Caius Rent Is Too Damn High

There has been uproar from Caius students as they are hit by a 9.5% rise in rent reports HARRY SHUKMAN.

£1300 9.5% caius David Holborn David Secher june rent UCL

Caius students are being robbed blind by a 9.5% rise in rent that the college snuck into effect last June.

Students now have to shell out an average of £1300 pounds a term for a room in college, while the government maintenance loan stands at £1217.

They also have to pay £928 a year on a kitchen fixed charge and tickets to eat in the Caius hall.

The college brought in the hugely unpopular rent rise in a June meeting, after students had finished exams and were getting ready to leave for summer.

In an email sent out in late July, the college administration said that their ‘difficult financial situation’ made it ‘necessary’ to increase the cost of living.

College authorities said that student representatives approved the new charges, which has since been denied by the student body. Three undergraduate representatives were at that meeting, but none of their objections were taken on board.

The ongoing row came to a head at a heated meeting on Monday afternoon, to which The Tab gained access.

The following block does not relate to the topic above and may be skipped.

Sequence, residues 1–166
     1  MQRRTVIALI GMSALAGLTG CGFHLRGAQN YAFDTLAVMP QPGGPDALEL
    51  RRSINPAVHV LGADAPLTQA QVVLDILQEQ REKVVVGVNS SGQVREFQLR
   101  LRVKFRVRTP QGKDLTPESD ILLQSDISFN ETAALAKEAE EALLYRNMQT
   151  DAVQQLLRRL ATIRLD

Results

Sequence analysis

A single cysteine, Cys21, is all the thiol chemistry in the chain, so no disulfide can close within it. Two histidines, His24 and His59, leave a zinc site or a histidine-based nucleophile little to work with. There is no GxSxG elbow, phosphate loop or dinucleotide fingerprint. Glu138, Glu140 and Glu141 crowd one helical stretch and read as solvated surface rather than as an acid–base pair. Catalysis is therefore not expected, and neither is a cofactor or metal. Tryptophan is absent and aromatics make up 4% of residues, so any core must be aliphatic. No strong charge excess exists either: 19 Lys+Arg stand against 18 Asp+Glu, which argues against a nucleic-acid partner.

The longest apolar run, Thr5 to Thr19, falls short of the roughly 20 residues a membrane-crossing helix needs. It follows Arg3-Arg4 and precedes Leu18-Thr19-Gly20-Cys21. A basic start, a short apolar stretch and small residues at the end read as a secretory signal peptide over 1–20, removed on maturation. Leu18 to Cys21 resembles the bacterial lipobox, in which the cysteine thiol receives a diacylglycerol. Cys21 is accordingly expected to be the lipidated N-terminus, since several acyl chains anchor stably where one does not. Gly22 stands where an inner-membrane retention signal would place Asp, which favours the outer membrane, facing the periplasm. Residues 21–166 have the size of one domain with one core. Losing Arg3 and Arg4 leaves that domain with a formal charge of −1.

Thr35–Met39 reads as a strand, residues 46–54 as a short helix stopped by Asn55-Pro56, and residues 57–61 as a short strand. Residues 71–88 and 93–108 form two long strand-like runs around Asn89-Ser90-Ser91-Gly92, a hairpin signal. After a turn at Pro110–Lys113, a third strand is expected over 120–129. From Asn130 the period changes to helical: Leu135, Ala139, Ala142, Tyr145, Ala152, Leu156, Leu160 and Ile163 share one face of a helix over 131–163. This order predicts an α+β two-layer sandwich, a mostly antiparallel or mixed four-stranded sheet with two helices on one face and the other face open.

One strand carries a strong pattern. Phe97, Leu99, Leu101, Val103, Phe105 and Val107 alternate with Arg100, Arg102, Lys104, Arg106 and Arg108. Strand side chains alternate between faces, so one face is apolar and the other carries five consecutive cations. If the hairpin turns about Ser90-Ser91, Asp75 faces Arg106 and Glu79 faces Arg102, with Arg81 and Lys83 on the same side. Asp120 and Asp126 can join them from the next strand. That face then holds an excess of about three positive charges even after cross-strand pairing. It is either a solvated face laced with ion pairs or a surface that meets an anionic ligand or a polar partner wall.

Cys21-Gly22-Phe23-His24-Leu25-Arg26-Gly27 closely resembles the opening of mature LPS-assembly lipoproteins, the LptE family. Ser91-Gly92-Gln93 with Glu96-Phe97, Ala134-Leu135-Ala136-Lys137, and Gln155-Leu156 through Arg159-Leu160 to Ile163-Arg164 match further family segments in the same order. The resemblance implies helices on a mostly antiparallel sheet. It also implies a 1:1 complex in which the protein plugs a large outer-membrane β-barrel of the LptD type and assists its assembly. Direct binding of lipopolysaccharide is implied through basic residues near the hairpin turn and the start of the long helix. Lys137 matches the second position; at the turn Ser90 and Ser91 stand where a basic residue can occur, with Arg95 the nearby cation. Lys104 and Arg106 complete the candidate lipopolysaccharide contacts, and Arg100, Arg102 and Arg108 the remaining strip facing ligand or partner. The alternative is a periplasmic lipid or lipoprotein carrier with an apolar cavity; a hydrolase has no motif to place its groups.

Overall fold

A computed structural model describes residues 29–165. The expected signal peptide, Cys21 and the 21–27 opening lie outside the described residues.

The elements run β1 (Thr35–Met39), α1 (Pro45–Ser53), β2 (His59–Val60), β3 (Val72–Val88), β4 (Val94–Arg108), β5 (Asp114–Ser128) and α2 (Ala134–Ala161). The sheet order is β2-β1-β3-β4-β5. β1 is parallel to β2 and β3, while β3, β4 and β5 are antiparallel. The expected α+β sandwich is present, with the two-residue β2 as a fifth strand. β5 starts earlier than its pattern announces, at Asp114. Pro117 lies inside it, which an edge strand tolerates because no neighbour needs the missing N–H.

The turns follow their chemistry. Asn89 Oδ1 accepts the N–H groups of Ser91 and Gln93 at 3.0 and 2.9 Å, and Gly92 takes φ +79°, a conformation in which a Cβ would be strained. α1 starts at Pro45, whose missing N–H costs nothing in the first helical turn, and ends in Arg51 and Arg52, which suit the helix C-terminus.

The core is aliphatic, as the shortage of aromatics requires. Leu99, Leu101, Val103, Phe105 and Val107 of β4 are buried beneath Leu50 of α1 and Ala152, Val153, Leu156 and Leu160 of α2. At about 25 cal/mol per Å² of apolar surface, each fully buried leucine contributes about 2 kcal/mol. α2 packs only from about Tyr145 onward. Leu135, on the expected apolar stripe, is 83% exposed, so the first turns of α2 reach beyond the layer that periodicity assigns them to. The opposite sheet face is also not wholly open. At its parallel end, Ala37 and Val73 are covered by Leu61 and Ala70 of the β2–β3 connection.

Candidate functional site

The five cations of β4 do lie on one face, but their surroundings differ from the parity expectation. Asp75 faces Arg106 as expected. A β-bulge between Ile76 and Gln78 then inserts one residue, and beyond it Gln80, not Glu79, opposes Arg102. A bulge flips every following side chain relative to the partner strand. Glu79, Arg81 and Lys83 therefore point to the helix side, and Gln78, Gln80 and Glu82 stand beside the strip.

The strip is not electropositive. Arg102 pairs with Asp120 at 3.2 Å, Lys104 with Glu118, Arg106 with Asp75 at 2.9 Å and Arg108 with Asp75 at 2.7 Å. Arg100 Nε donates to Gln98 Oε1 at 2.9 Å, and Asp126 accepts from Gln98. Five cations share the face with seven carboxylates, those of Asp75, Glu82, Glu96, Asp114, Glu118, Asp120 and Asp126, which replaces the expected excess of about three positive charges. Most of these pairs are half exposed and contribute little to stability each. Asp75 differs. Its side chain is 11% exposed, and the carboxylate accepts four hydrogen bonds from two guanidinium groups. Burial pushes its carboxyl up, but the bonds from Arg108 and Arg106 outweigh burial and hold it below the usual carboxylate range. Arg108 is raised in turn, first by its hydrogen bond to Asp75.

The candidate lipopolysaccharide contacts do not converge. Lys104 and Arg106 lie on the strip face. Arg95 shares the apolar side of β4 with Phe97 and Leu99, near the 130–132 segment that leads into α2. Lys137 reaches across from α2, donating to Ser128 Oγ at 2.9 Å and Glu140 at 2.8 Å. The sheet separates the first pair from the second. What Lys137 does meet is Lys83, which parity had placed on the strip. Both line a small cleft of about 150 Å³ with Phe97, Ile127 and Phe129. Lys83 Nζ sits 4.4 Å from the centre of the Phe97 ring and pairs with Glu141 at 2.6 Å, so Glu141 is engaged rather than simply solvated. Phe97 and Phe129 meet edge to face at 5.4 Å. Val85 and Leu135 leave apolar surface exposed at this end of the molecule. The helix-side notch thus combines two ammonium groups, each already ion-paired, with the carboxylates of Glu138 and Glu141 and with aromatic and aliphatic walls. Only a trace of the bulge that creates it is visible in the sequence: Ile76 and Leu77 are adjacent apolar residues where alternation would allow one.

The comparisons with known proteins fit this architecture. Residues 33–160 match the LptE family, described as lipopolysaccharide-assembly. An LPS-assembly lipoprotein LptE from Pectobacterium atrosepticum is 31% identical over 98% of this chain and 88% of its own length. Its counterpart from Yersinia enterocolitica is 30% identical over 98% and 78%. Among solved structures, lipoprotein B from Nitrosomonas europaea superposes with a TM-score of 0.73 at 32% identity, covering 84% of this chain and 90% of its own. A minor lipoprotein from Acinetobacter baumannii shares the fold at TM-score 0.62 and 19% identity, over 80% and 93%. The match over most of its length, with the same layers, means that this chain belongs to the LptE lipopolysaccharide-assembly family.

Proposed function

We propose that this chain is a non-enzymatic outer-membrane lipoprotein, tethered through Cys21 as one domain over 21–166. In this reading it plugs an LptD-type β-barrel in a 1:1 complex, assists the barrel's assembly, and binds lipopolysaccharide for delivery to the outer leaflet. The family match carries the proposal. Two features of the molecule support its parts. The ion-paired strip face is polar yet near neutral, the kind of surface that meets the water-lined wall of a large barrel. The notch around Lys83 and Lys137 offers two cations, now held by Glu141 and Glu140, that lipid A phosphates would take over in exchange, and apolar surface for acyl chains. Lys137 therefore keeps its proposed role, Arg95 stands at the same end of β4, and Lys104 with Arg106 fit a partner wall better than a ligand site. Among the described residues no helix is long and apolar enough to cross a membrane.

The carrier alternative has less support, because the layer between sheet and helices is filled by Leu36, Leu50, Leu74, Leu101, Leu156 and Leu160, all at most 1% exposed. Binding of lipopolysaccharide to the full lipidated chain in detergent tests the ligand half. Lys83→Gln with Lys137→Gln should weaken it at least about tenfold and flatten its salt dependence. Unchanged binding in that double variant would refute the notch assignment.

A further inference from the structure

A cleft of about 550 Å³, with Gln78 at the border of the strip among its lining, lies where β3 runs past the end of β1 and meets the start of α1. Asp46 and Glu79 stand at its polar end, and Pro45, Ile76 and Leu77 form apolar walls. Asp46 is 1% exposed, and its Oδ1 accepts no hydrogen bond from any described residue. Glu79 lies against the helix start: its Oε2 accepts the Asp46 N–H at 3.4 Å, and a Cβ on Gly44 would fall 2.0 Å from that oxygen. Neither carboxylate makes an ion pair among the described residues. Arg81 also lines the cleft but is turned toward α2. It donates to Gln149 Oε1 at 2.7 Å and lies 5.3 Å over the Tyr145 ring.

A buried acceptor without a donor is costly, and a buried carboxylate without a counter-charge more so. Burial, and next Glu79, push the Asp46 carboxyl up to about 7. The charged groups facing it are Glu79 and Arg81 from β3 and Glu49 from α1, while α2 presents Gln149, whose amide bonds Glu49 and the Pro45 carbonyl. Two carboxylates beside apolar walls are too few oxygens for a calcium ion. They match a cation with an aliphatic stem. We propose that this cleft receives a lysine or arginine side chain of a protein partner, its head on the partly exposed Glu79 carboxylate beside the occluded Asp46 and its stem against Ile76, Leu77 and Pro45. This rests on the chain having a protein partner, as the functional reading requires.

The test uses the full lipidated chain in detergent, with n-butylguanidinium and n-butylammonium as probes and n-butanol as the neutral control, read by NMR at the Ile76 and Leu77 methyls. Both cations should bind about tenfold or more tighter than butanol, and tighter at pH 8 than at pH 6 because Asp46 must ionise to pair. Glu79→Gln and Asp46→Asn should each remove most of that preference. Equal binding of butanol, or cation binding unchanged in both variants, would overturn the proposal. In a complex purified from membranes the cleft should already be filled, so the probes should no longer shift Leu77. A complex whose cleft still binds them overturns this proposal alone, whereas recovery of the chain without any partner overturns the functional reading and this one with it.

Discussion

Students blasted their Senior Bursar, David Secher, for what one student called ‘ludicrous’ living costs.

Hot property

Hot property

They also questioned Caius’ lack of financial transparency and the timing of the decision, which came right at the end of the academic year.

Secher, who began by reading a prepared statement, confessed that the message was not “effectively communicated”.

Another fellow present, Senior Tutor David Holburn, said little and spent his time doodling.

Secher discussed the college’s ‘severe financial hardships’ that they were trying to address.

He justified the rise saying Caius rent is still cheaper than universities like UCL – seemingly ignorant that London students receive a larger loan.

University_College_London_-quadrant-11Sept2006_(1)

Not as expensive as UCL

Holburn, taking a break from drawing on his notes, added insult to injury when he suggested that Caius would help students they deemed to be in ‘genuine hardship’ but would be wary of those ‘just disinclined to pay’.

But it didn’t go down well among his audience.

Bruno Sussat, a third-year engineer voiced his anger, saying ‘I feel like at Caius we’re made to do things we don’t want to do and we pay the price. We have no input, we don’t get any say’.

Meanwhile a rumour has spread around the college that despite the students suffering under a higher cost of living, the college recently splashed out on a bigger wine budget for their fellows

As this question was raised, Secher responded after a pause that ‘fellows pay for their own wine’, but whether this wine is subsidized was not made clear.

Caius students aren’t optimistic that their rent will be reduced. A student who wished to remain anonymous said that ‘there are a number of good college officials who do care about what happens to students.’

‘Unfortunately he [Secher] is one of the bad ones.’